Get our free extension to see links to code for papers anywhere online!Free add-on: code for papers everywhere!Free add-on: See code for papers anywhere!

Figures and Tables:

Abstract:We present a fast trajectory optimization algorithm for the soft capture of uncooperative tumbling space objects. Our algorithm generates safe, dynamically feasible, and minimum-fuel trajectories for a six-degree-of-freedom servicing spacecraft to achieve soft capture (near-zero relative velocity at contact) between predefined locations on the servicer spacecraft and target body. We solve a convex problem by enforcing a convex relaxation of the field-of-view constraint, followed by a sequential convex program correcting the trajectory for collision avoidance. The optimization problems can be solved with a standard second-order cone programming solver, making the algorithm both fast and practical for implementation in flight software. We demonstrate the performance and robustness of our algorithm in simulation over a range of object tumble rates up to 10{\deg}/s.

Via

Authors:Akshaya Kesarimangalam Srinivasan, Shambhavi Singh, Geordan Gutow, Howie Choset, Bhaskar Vundurthy

Figures and Tables:

Abstract:This paper addresses a Multi-Agent Collective Construction (MACC) problem that aims to build a three-dimensional structure comprised of cubic blocks. We use cube-shaped robots that can carry one cubic block at a time, and move forward, reverse, left, and right to an adjacent cell of the same height or climb up and down one cube height. To construct structures taller than one cube, the robots must build supporting stairs made of blocks and remove the stairs once the structure is built. Conventional techniques solve for the entire structure at once and quickly become intractable for larger workspaces and complex structures, especially in a multi-agent setting. To this end, we present a decomposition algorithm that computes valid substructures based on intrinsic structural dependencies. We use Mixed Integer Linear Programming (MILP) to solve for each of these substructures and then aggregate the solutions to construct the entire structure. Extensive testing on 200 randomly generated structures shows an order of magnitude improvement in the solution computation time compared to an MILP approach without decomposition. Additionally, compared to Reinforcement Learning (RL) based and heuristics-based approaches drawn from the literature, our solution indicates orders of magnitude improvement in the number of pick-up and drop-off actions required to construct a structure. Furthermore, we leverage the independence between substructures to detect which sub-structures can be built in parallel. With this parallelization technique, we illustrate a further improvement in the number of time steps required to complete building the structure. This work is a step towards applying multi-agent collective construction for real-world structures by significantly reducing solution computation time with a bounded increase in the number of time steps required to build the structure.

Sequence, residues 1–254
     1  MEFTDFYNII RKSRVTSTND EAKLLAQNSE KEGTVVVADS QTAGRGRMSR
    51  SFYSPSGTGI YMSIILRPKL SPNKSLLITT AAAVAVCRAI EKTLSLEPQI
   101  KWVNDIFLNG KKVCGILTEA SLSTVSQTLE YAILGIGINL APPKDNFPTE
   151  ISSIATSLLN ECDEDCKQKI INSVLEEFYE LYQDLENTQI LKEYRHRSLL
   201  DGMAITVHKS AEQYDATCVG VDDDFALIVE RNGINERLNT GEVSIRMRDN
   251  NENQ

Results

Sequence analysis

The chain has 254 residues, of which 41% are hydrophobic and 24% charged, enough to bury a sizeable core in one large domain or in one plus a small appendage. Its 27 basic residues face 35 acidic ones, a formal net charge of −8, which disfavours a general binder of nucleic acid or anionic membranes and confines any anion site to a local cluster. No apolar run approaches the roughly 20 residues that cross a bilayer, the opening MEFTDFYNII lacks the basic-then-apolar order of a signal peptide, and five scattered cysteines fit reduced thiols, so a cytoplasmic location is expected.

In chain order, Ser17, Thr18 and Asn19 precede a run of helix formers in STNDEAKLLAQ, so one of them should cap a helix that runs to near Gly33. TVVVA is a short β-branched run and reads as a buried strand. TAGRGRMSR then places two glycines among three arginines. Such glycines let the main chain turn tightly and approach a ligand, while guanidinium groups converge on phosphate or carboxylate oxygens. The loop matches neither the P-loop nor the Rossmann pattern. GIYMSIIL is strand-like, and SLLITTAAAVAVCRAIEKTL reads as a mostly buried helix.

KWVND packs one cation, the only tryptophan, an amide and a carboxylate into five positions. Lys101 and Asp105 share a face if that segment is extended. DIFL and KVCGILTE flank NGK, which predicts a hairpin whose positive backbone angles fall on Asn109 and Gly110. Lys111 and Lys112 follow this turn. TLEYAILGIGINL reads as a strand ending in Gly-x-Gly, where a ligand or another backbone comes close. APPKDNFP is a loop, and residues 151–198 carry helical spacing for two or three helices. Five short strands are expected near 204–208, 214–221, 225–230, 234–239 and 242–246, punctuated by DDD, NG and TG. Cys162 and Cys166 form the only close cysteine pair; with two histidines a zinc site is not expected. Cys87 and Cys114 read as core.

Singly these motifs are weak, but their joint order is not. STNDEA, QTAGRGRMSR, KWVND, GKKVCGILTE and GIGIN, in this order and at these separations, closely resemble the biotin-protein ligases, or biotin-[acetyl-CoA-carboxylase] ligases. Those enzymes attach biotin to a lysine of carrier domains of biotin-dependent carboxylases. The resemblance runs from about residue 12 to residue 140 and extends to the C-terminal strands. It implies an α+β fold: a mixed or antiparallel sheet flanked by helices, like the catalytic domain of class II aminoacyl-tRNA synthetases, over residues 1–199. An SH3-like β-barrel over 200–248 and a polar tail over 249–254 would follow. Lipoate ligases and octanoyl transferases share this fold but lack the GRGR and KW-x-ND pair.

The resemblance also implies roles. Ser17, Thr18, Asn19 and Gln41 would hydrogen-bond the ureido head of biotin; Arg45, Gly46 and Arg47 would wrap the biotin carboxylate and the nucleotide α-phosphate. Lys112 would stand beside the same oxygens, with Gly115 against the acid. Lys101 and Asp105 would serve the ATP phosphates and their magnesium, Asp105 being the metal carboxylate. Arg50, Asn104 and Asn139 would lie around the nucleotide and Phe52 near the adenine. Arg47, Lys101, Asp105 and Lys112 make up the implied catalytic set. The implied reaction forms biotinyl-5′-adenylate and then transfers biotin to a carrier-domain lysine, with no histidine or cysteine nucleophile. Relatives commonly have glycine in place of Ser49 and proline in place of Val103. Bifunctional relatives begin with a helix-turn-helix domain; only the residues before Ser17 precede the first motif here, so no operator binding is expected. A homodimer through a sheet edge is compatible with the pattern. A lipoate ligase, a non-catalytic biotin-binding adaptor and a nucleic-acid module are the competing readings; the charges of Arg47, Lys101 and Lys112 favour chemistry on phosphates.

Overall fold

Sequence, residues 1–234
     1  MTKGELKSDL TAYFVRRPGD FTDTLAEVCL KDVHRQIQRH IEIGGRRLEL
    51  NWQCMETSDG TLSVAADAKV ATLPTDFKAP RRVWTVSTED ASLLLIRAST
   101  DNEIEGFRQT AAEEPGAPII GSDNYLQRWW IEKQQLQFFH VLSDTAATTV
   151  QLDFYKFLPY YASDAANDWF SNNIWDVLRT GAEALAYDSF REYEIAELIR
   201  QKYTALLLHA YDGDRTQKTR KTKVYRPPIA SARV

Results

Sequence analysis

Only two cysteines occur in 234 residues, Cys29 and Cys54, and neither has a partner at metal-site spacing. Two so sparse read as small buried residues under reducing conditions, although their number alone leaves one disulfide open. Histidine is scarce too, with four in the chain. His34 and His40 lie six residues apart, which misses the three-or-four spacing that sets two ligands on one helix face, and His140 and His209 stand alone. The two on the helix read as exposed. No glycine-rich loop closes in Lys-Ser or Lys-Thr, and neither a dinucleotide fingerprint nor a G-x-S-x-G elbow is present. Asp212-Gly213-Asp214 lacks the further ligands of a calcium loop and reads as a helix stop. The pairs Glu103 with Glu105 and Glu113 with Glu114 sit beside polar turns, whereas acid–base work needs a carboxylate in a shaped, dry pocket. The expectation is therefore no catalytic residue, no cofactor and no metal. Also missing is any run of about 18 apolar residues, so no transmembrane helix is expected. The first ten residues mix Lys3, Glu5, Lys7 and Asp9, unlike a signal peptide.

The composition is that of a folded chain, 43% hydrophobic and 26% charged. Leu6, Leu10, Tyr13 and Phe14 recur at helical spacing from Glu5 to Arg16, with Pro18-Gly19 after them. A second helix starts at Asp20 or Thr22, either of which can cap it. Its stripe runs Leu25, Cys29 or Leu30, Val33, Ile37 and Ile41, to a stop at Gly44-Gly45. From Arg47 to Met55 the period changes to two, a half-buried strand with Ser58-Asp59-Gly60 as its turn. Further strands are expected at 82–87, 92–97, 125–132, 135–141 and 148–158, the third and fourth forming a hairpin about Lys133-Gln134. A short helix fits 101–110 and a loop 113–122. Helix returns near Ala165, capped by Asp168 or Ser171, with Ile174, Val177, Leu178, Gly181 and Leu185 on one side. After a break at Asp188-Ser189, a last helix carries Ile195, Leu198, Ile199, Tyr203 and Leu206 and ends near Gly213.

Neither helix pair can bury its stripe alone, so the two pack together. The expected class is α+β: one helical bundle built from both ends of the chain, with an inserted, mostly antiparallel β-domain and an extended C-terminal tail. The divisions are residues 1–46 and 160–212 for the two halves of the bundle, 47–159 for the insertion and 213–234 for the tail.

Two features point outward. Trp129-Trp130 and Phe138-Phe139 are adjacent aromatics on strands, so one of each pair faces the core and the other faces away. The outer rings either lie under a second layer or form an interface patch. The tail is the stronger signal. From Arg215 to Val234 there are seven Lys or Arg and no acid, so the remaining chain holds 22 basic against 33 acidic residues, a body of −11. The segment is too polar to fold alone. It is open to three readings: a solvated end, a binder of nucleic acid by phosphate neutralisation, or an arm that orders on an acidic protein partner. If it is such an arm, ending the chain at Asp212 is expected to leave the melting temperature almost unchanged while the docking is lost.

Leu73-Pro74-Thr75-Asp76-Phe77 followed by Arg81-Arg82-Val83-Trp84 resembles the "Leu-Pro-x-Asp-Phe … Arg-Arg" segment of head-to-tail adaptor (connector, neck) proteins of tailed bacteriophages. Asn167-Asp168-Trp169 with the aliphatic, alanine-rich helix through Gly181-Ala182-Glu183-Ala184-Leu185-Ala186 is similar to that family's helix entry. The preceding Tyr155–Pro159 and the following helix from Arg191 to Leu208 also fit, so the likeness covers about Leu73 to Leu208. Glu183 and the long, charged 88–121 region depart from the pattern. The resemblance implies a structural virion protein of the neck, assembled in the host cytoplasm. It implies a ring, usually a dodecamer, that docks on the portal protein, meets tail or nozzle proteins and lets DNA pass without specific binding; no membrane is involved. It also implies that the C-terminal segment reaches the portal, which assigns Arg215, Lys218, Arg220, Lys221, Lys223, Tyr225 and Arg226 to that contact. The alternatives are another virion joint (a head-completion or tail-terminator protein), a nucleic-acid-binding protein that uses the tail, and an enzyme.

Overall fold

Via